def addObserver = { .. implementation ..}
  def notifyObservers = { .. implementation ..}
}

class MySpecificModel extends MyGeneralModel with Observable {
  ...
}

Another great use case for traits with implementation is to provide “rich interfaces”. The trait Ordered for example defines the methods <, >, <=, >=.

If it were a Java interface, the programmer would have to provide implementations for all four of them. In Scala, implementations for these are provided in the trait itself, and you only need to implement a single method (compare).

4. Type Inference

In Scala, if you don’t state the type of a value or function, the compiler will attempt to infer it. This does not work everywhere, you still have to state the types for method parameters and some other places, but even so, it saves you a tremendous amount of typing. And more importantly, it frees your source code from a lot of boilerplate and makes it much more readable. Without sacrificing strong typing and compile-time type checking.

object Inference {
  val x = 1 + 2 * 3
  // the type of x is Int
  val y = x.toString()
  // the type of y is String
  def succ(x: Int) = x + 1
  // method succ returns Int values
}

5. Optional

I call it my billion-dollar mistake. It was the invention of the null reference in 1965. At that time, I was designing the first comprehensive type system for references in an object oriented language (ALGOL W). My goal was to ensure that all use of references should be absolutely safe, with checking performed automatically by the compiler. But I couldn’t resist the temptation to put in a null reference, simply because it was so easy to implement. This has led to innumerable errors, vulnerabilities, and system crashes, which have probably caused a billion dollars of pain and damage in the last forty years.. (Tony Hoare)

In Java there is no way to tell from the API if a method might return null or not. This leads to excessive null checking – or NullPointerExceptions. In Scala, you can state explicitly that a result may not always be provided.

scala> val m = Map(0 -> false, 1 -> true)
scala> m.get(0)
res0: Option[Boolean] = Some(false)
scala> m.get(5)
res1: Option[Boolean] = None

This gives you the opportunity to nicely compose calls, even if you might encounter missing values. You can chain calls that return optional values by applying higher-order functions.

  scala> val m2 = Map(false -> "n", true -> "y")
  scala> m2.get(true).map(x => x.toUpperCase)

6. Better Value Objects With Case Classes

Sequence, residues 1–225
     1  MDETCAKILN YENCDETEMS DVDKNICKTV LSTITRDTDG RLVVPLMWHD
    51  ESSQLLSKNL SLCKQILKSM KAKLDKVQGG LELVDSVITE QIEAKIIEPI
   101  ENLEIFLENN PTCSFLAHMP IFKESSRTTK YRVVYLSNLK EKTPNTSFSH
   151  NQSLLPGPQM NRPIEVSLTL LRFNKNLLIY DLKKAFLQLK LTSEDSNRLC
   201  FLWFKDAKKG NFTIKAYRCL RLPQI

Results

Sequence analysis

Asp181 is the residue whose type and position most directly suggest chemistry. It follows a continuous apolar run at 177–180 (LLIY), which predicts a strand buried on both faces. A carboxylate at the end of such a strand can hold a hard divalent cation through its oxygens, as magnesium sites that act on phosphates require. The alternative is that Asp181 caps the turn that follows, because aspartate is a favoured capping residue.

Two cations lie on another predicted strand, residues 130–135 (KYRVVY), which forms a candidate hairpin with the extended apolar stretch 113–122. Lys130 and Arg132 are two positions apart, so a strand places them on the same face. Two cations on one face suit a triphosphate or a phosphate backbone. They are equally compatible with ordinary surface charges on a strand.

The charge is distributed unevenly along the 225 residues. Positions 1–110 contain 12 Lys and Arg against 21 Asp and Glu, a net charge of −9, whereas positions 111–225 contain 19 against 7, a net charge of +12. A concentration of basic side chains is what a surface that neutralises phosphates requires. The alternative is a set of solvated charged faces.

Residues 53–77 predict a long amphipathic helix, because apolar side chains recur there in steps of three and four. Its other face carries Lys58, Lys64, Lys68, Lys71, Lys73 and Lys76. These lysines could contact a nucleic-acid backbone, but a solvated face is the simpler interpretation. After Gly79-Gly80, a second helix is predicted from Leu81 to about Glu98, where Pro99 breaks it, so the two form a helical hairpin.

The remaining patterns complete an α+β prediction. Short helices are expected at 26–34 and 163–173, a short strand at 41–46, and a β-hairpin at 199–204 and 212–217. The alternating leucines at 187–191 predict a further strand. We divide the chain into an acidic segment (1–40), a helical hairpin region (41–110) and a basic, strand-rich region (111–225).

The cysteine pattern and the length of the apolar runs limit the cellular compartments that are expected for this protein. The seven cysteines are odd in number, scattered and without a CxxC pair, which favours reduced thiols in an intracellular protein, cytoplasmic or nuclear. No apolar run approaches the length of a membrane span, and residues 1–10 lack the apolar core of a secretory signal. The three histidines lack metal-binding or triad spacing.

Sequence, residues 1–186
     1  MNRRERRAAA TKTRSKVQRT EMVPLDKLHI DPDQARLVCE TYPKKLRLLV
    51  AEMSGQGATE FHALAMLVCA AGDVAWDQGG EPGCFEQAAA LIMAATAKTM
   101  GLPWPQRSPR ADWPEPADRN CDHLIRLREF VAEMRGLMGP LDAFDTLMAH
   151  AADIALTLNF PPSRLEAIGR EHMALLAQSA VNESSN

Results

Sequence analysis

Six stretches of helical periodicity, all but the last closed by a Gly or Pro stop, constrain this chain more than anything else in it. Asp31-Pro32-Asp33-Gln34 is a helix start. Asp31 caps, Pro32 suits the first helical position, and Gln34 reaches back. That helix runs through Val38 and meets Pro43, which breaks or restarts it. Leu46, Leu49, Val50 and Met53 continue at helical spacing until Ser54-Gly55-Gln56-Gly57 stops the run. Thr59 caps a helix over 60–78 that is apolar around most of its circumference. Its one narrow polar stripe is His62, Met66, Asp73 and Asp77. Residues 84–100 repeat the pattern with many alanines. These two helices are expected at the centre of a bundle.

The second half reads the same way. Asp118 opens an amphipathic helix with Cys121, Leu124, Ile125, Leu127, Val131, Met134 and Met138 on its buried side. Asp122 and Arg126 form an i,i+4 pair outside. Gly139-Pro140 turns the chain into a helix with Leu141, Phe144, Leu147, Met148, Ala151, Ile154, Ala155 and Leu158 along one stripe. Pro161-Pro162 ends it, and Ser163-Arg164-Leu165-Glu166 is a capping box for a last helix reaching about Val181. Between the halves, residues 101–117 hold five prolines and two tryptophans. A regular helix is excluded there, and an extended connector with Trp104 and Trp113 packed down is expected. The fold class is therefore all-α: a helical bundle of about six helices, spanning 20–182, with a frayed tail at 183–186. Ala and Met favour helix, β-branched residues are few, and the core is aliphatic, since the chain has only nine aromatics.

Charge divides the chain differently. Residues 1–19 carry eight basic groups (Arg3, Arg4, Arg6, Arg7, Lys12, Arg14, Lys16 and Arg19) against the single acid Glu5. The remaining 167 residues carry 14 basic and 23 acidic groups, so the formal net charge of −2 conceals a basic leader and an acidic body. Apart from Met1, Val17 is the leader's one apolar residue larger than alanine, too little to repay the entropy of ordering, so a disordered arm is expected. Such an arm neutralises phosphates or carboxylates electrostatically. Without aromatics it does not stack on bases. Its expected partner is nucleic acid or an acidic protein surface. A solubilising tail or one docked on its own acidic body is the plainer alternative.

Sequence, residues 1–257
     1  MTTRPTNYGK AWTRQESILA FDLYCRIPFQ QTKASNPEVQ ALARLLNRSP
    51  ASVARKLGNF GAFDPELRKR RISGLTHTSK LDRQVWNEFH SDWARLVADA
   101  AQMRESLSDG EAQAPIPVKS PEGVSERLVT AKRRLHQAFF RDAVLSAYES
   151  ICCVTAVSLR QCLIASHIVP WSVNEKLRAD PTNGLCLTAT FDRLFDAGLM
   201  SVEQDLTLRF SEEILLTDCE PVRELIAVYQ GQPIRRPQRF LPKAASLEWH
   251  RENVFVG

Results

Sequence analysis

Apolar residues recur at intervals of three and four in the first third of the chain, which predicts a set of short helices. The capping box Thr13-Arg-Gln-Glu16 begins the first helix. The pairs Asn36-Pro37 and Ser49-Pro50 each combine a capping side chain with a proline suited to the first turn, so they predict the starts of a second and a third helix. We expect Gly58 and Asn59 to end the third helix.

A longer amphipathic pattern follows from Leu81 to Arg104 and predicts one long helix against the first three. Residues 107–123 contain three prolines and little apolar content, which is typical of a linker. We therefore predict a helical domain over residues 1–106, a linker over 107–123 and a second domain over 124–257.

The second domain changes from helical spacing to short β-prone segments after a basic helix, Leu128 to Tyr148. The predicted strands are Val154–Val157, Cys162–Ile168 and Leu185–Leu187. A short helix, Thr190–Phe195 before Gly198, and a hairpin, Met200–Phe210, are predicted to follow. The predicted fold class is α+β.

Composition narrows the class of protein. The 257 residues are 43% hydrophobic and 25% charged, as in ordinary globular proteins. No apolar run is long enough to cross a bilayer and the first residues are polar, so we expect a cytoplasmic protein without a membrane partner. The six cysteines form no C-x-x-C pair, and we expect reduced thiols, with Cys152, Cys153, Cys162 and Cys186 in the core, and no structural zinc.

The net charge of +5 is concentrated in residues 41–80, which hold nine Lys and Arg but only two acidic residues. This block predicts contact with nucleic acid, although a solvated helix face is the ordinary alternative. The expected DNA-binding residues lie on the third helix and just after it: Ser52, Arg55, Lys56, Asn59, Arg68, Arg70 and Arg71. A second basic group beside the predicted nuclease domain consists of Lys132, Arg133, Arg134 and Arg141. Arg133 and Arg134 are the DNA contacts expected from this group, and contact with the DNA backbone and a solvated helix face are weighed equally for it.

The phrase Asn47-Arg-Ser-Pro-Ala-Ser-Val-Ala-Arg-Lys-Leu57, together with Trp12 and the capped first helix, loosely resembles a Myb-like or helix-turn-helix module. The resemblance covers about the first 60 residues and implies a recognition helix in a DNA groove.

Value objects are objects that serve as a structured value, to encapsulate domain data (a.k.a. data transfer object, record, …).

What you want in every Java class that’s used in that way is equals(), hashCode() and toString() methods based exclusively on all of the fields’ values. Of course you need a way to set the values (ideally only once, in the constructor, to create an immutable object), and a way to read them. So a typical Java class for an immutable value object might look like this:

public class Product implements java.io.Serializable {

  private static final long serialVersionUID = 5120302881189308206L;

  private final String name;

  public Product(final String name) {
    this.name = name;
  }

  public String getName() {
    return name;
  }

  @Override
  public boolean equals(final Object other) {
    if (other == null) {
      return false;
    }
    if (this == other) {
      return true;
    }
    if (!(other instanceof Product)) {
      return false;
    }
    final Product otherProduct = (Product) other;
    return new EqualsBuilder().append(name, other.name).isEquals();
  }

  @Override
  public int hashCode() {
    return new HashCodeBuilder(177, 47).append(name).toHashCode();
  }

  @Override
  public String toString() {
    return new ToStringBuilder(this).append("name", name).toString();
  }
}

At some point during the development, you realize that you’d like to capture more information then just the name. So you add another field. No problem, all you have to do is:

  1. Add the new field to list of instance variables
  2. Add the new parameter to the constructor arguments
  3. Assign the constructor argument to the instance variable
  4. Create a “getter” method for the new field
  5. Add the new field to the equals() method
  6. Add the new field to the hashCode() method
  7. Add the new field to the toString() method

In Scala however, the same class would be written like this:

case class Product(name: String)

Yes, that’s all. To add another field to it, you have to follow these steps:

  1. Add the new field to the parameter list

No, I didn’t forget any. It’s really just one. The case keyword indicates that this is meant to be a value object, and the compiler will take care of the methods we need, and generate them to use the field values. By making working with immutable value objects convenient and easy, Scala encourages a functional programming style that relies on immutable values – which is good!

By the way, as a little bonus, you also get a copy method…

case class Customer(name: String, address: String, city: String)

val customer1 = Customer("Hans Meier", "Lehmweg 12", "Hamburg")
val customer2 = customer1.copy(name = "Ida Meier")

… and you can use them in pattern matching (see below)!

customer match {
  case Customer(_, _, "Hamburg") => local
  case _ => guest
}

So with case classes you have much less code to maintain, you don’t have to remember to make fields final, and you no longer need Apache Commons or Guava libraries for EqualsBuilder, HashCodeBuilder and ToStringBuilder.

7. Pattern Matching

In Java, you have switch statements:

int month = 10;
switch (month) {
    case 1:  return "January";
    case 2:  return "February";
    case 3:  return "March";
    case 4:  return "April";
    ...

In its simplest form, a Scala pattern match will look pretty much the same, only it will yield a value:

val month = 10;
 month match {
   case 1 => "January"
   case 2 => "February"
   case 3 => "March"
   case 4 => "April"
   ...
}

Plus, you can also match on types…